It’s time for Europe to turn Japanese
The doom-laden warnings rang in my ears as I landed in Tokyo for a six-month assignment. Japan was a “land of stagnation.” It had suffered “two lost decades” and was a vivid example of the slow economic death Europe needed to avoid.
Images of unemployed workers, mass demonstrations, neglected public services, potholed roads, boarded-up shops and rising crime flashed through my mind — familiar from depressed towns in Europe and America.
But Tokyo was … the opposite. A city of roads with billiard-table smooth surfaces, state-of-the-art railways, efficient public services, negligible crime, high living standards, admirable social cohesion and remarkable stability.
Now, as I prepare to return to Britain, a country torn by Brexit chaos; and Europe, plagued by economic mayhem, joblessness and the rise of the far left and the far right, Japan looks more attractive than ever.
The Land of the Rising Sun offers rock-solid political stability — the same party has been in power for 56 years out of the last 60. There is no Japanese Donald Trump or Alexis Tsipras. Instead, some voters fret that Prime Minister Shinzo Abe might be a tad extreme because he suggests changing the constitution to recognize the reality that Japan needs (small) armed forces.
With an eccentric North Korean dictator threatening nuclear war and an aggressive, authoritarian China snarling from across the sea, Abe’s plan sounds more like sensible insurance than political extremism.
So what of Japan’s economy, its supposed Achilles heel? Most of the gross domestic product numbers used in the West fail to account for Japan’s shrinking and aging population. Once those adjustments are made, the numbers show steady, if unspectacular, growth. Anyway, is a falling population really a problem in a century when robots will take most of the jobs?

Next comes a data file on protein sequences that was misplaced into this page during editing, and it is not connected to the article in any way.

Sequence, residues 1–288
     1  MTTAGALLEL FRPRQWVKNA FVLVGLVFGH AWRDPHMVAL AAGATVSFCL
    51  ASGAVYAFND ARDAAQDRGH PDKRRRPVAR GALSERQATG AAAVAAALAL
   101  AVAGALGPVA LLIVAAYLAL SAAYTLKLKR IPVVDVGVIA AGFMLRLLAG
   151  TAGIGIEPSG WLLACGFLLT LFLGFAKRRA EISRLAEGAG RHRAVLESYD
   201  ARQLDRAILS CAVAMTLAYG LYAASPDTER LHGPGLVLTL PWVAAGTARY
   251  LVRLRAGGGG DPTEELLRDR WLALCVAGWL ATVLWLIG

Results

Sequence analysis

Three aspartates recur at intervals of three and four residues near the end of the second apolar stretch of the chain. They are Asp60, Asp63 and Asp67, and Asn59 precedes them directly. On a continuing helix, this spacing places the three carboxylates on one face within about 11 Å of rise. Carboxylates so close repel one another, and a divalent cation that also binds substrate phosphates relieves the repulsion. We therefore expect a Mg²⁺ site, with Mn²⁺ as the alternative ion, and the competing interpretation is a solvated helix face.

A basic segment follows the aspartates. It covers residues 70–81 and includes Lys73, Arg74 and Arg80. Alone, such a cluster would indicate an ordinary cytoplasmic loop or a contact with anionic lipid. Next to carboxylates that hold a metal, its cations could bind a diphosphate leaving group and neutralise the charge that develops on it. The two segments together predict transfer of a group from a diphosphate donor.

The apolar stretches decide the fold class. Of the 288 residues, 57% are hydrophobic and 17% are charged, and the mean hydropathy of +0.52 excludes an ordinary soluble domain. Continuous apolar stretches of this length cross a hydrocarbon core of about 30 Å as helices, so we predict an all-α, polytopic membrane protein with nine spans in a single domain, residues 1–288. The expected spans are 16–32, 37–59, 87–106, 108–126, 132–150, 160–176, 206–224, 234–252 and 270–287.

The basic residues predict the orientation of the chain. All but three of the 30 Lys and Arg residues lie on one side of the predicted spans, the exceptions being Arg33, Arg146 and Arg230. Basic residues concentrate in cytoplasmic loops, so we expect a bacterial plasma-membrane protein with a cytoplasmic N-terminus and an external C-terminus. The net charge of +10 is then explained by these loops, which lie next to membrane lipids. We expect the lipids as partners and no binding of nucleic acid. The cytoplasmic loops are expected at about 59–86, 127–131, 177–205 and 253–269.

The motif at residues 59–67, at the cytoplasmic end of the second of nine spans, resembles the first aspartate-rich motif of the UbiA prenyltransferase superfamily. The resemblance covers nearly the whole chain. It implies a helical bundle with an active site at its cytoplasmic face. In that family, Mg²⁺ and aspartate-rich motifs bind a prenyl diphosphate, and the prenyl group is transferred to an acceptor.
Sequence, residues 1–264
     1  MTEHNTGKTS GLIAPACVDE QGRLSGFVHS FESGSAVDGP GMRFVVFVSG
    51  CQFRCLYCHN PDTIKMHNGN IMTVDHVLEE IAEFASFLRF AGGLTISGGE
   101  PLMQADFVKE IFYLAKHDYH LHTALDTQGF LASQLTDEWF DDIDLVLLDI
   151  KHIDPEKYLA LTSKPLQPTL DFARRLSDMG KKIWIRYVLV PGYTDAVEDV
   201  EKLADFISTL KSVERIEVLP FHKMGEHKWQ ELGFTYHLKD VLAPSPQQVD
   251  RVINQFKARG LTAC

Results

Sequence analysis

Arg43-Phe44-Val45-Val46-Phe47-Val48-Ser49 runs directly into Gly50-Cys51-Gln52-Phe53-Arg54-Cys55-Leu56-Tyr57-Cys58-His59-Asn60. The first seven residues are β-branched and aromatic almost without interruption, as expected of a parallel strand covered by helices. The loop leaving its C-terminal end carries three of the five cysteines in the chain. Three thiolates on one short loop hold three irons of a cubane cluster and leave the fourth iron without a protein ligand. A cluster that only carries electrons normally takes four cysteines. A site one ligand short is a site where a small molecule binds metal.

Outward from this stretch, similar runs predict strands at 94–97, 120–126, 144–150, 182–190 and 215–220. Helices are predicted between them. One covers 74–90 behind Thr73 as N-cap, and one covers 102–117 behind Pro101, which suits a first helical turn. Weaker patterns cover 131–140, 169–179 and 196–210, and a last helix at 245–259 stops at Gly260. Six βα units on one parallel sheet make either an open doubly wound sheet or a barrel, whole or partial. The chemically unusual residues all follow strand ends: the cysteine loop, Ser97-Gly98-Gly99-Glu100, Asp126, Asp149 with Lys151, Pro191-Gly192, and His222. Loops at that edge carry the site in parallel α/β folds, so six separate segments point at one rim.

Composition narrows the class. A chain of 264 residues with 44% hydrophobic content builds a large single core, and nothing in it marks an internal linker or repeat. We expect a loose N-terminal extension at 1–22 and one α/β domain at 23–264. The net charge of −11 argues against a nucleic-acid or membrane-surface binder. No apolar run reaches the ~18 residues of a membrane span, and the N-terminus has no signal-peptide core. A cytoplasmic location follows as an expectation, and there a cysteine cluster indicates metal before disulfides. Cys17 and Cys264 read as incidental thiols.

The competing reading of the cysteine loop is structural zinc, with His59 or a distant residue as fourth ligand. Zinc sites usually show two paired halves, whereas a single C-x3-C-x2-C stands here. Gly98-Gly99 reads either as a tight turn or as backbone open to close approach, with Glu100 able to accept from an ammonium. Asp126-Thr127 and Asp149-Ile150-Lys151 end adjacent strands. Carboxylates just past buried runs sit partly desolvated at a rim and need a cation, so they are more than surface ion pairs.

Japan does indeed run a high fiscal deficit and has a large and growing pile of government debt. But most of it is held by domestic savers and borrowing is extraordinarily cheap. By contrast, many economists have argued that Europe’s biggest problem is its fixation with austerity and its lack of investment.
Then there is Japan’s enviable employment record. The jobless rate is 3.4%, according to the Organization for Economic Cooperation and Development, while the eurozone’s is more than three times as high. The Japanese fret about the rise in contract workers at the expense of traditional lifetime employment. But Japanese contracts are ones that many U.K. workers would kill for. The British have to accept “zero-hours contracts” without guaranteed work or pay.
In the education league tables, Japan’s scores on the international Pisa rankings are way ahead of the European average. On the security front, the country is free of the radical Islamist terrorism which has disfigured the Old World.
People live longer in Japan as well — a full extra year on average, compared with the eurozone — thanks in part to a healthy diet dominated by fish and vegetables.
The yawning chasm that has opened up between rich and poor in the U.S. and Europe has no echo in Japan, where ostentatious displays of wealth are frowned upon and company bosses are expected to show modesty and humility in public.
The Western cult of the star CEO, who earns enormous bonuses and stock options because of supposedly extraordinary personal qualities, is shunned. The Japanese bosses who win admiration are those who work hard and plan for the long term, rather than flipping the company to a bidder.
It is not all perfect, of course. Perhaps the biggest blots on the Japanese copybook are the country’s failure to use the full potential of its talented and educated women in the workforce, particularly in senior positions, and the conservatism of some of its biggest corporations.
But overall, the biggest obstacle to Japan setting an example for the world seems to be the downtrodden mood of its own people. Perhaps brainwashed by experts abroad into believing they have failed, they are far more pessimistic about the future than the facts seem to justify.
So what advice did the OECD give Japan in its last report? To cut spending, make it easier to fire workers, encourage venture capitalists and boost immigration, among other things.
That sounds like a recipe for disaster. On the contrary, the rest of the developed world should become a lot more Japanese..